They were CinemaScopic film stars, with 12 Academy Award nominations between them. They were married 13 times in all, twice to each other.
They were Elizabeth Taylor and Richard Burton, and their booze-soaked, storm-tossed romance is the subject of Lifetime's deliriously cheesy "Liz & Dick" (Sunday, 9 p.m. EST).
Most of the attention on this TV movie arose from the daily sideshow that was Lindsay Lohan's offscreen life during the production as the actress was portraying Taylor.
As you watch LiLo's performance, you can't help searching for signs of stress and distraction.
Did she shoot this scene on one of the days of her court appearances, or after her brief hospital stay for exhaustion? Or after crashing a car on the way to the set?
Ha! Taylor could do all of that in traction with a blinding hangover and then show up at the studio to rehypnotize a generation of filmgoers.
Today's performers don't know what scandal is. Taylor and Burton practically invented the paparazzi when the couple started cavorting around Rome during the shooting of the bloated toga epic "Cleopatra," which was released in 1963.
Their torrid affair made headlines around the world because both were married at the time, Taylor to pop singer Eddie Fisher, who had left America's sweetheart, Debbie Reynolds, to wed the recently widowed film star.
Now she was cuckolding Eddie? For some Welsh actor with a booming voice?
In "Liz & Dick," their mutual passion isn't so much infidelity as it is fate. After trading barbed insults on the "Cleopatra" set for weeks, the stars rehearse a love scene, leading to a kiss that goes on and on as cosmic thunderclaps fill the air.
The actors quickly fall into the dynamic that would rule their lives for the next 15 years: They can't live without each other, and they're spectacularly combustible when they're together.
Lohan's performance is notably flat and vapid, especially as the younger Taylor. She simply can't summon the breathtaking haughtiness that the '60s screen goddess radiated.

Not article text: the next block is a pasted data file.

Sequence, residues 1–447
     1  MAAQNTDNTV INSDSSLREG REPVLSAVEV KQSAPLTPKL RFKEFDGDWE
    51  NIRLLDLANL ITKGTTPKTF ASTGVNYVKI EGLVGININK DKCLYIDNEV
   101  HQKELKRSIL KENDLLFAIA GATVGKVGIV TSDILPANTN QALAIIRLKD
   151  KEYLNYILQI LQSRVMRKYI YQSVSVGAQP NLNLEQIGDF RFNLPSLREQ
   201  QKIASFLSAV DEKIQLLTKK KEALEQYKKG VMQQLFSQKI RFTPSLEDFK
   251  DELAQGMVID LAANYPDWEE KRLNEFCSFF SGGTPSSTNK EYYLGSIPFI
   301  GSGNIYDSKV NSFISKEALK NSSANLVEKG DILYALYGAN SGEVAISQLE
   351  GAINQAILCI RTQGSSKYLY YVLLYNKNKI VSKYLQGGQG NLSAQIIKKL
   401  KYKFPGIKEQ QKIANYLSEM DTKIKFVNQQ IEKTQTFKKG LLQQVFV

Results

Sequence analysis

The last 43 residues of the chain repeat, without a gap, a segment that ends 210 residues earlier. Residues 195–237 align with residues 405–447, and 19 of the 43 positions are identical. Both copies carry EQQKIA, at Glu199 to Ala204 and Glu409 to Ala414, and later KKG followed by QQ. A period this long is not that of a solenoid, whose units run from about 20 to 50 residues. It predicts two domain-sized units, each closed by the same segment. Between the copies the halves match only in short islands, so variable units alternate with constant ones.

But most of the acting here is done by makeup, wigs, and contacts, and they are flawless. Wardrobe, not so much. In some of the more elaborate gowns and frocks, Lohan looks more like Snooki than La Liz.
The film is narrated by Taylor and Burton in side-by-side director chairs from some cinematic afterlife. Lohan carries off these vignettes of reflective, often regretful hindsight with genuine aplomb.
As Burton, Grant Bowler, a New Zealand-born actor best known for "Ugly Betty," is rather smashing. The physical resemblance isn't there (that unfortunate unconditioned wig doesn't help), but the smudged swagger and the grandiloquent timbre Bowler projects are thoroughly winning.
Small wonder that Taylor's favorite form of afterplay in "Liz & Dick" is lying tangled in the sheets while Richard declaims the verses of the great British poets.
The film attempts to frame the couple as the harbingers of modern fame, but its ambitions are steamrolled by the impatience of a rushed chronological plot.
The Lifetime project is most striking for the resourcefulness of its sets and locations, convincingly conveying Rome, Switzerland, London, Puerto Vallarta, and various ports of call in the Mediterranean without ever leaving Southern California.
If only Lohan had been able to pull off a similar feat of make-believe.
Maybe she was distracted.
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